Amazon owns Beijing Century Joyo Courier Service. That’s actually a Chinese subsidiary of Amazon. It’s a freight forwarding service, and they’re using that between China and the US. So they’re in the actual maritime shipping game, basically.
As for Alibaba, they’re really committed. They’ve got this thing called OneTouch. That automatically links in with Maersk and with CMA CGM. So those two really huge container shipping organisations, they now have a mechanism whereby the retailers link in with the Alibaba OneTouch platform, do it all automatically, and it’s all connected up.
If you’re not part of that chain, then you’re not really in the game as far as bulk container shipping of different products from China is concerned. You’re getting bypassed. The boss of Maersk [Soren Skou] said, "Amazon is a threat if we don’t do a good job for them. If we don’t our job well, then there’s no doubt that big, strong companies like Amazon will look into whether they can do better themselves." So they recognise the issue, that either they’re joining in with Amazon’s automated stuff and trying to build themselves as much into Amazon’s supply chain as they can, or they’re going to be left behind.
Of course, it’s only one part of the market. I don’t think we’re talking about bulk stuff or fluids [transport] in the same way, but for one key part of the market, it’s really getting like that. And how long is it until the way we actually buy and sell bulk cargo changes? How long is it before people want all of that in integrated supply chains as well?
Do you think the maritime industry’s middlemen, such as freight forwarders and shipping agents, will be hit hardest and earliest by the supply chain changes that e-commerce is bringing?
Yeah, absolutely. Old-school freight forwarders who book things by fax or on the phone, that’s no part whatsoever of this Amazon integrated supply chain, where you press a button on the computer and it goes all the way through. I think that’s the problem for your average freight forwarder, shipping agents and so on – how do you manage to get a bit of this action? How do you build yourself into this if you’re an independent freight forwarder? I don’t know the answer to that.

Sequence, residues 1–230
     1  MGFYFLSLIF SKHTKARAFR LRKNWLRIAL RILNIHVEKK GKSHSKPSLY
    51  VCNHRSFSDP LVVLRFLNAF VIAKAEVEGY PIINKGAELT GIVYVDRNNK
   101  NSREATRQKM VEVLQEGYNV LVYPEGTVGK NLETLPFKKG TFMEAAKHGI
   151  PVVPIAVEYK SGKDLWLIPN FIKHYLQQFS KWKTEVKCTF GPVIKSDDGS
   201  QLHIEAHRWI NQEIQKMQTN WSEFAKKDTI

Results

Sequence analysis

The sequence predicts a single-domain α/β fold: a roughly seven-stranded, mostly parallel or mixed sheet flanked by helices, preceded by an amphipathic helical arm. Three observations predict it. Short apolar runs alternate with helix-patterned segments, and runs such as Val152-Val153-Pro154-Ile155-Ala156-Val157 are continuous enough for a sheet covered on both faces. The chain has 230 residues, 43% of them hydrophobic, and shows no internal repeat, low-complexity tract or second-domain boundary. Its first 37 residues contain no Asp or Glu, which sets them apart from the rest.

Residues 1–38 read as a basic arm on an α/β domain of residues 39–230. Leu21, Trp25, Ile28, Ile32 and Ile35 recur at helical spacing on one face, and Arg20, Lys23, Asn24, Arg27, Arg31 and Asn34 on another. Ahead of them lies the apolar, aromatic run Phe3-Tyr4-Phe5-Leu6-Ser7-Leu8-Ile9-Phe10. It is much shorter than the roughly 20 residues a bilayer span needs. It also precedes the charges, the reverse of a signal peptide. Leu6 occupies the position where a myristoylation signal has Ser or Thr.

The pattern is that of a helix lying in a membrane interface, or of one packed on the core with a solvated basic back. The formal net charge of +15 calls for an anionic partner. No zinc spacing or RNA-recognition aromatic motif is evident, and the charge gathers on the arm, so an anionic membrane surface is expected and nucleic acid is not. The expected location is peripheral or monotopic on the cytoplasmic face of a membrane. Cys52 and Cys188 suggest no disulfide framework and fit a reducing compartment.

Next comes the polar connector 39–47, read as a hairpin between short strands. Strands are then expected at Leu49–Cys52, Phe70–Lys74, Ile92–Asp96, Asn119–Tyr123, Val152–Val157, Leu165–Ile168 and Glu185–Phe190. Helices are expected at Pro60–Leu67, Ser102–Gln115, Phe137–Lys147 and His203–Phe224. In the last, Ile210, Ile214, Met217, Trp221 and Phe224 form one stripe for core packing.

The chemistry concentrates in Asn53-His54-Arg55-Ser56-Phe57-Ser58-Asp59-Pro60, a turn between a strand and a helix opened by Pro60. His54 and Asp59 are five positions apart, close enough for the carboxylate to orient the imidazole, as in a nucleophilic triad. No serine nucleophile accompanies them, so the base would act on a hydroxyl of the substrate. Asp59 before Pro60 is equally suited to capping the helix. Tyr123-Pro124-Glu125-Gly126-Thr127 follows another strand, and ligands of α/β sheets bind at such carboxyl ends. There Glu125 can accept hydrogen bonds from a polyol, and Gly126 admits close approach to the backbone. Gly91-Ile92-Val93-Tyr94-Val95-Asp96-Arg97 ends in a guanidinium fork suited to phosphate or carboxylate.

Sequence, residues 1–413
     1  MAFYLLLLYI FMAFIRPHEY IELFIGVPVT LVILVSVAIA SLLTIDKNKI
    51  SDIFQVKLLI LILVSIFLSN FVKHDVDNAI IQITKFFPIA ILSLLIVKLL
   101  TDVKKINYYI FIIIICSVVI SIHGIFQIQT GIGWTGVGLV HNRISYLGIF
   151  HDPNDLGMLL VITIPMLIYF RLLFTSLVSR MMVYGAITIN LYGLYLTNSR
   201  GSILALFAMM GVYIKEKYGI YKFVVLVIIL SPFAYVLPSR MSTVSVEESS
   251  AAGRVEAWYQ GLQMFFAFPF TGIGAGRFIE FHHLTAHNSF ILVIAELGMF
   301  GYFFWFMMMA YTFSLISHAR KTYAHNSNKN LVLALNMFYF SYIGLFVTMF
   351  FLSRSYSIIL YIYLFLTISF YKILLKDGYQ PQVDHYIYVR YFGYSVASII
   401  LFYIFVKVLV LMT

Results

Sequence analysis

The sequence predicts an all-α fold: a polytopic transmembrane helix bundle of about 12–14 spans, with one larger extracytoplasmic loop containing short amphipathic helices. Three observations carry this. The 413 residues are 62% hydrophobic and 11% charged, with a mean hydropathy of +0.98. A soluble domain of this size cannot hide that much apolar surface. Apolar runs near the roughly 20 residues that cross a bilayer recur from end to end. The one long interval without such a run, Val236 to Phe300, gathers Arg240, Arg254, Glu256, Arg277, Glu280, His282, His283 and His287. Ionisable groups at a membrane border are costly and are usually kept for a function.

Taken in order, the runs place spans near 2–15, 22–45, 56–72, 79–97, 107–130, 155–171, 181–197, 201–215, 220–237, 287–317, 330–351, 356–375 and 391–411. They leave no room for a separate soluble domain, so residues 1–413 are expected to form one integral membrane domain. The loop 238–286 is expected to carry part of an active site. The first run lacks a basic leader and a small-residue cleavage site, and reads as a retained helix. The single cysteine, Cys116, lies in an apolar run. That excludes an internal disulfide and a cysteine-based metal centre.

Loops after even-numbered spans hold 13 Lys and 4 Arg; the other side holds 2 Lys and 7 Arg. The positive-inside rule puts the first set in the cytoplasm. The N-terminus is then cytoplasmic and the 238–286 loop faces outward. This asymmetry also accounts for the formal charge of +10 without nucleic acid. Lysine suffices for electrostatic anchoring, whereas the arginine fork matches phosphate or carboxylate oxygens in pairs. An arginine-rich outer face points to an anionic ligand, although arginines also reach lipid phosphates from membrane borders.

In the coming years, how do you see the growing trend of automation transforming marine logistics?
Increasingly, it’s an automated world. You’ve got some interesting things going on. They keep threatening the introduction of autonomous ships that will be ploughing across the seas virtually unmanned. Well, they sound far-fetched, but gosh, they would fit in very nicely with this Amazon model of virtually no humans. There’s virtually never a human in sight with some of these supply chains.
Maersk has got this virtual assistant called Captain Peter; it’s a remote container management platform. If you’re a big retailer and you’re expecting your container to come along, you can just log into that and you can see where it is, the temperature of the items, when the estimated arrival time is. So Maersk, by offering that extra integration – I think it’s only a trial at the moment – linked into Amazon, that’s a great potential offering.
If you go way back to the introduction of containerisation, when the dockers saw the first container ship. There was a good quote from a union official at the time, they asked him what he thought and he said, ‘I’d like to sink that son of a bitch’. He saw how quickly that would impact on their industry. In fact, it absolutely revolutionised how quickly goods could be turned over in ports and how many people were needed to do that. I think we’re facing the same kind of thing today. This is a big transformation, and it doesn’t leave a lot of room for the average human, but it does mean that all the goods we get are cheap, and they arrive on time.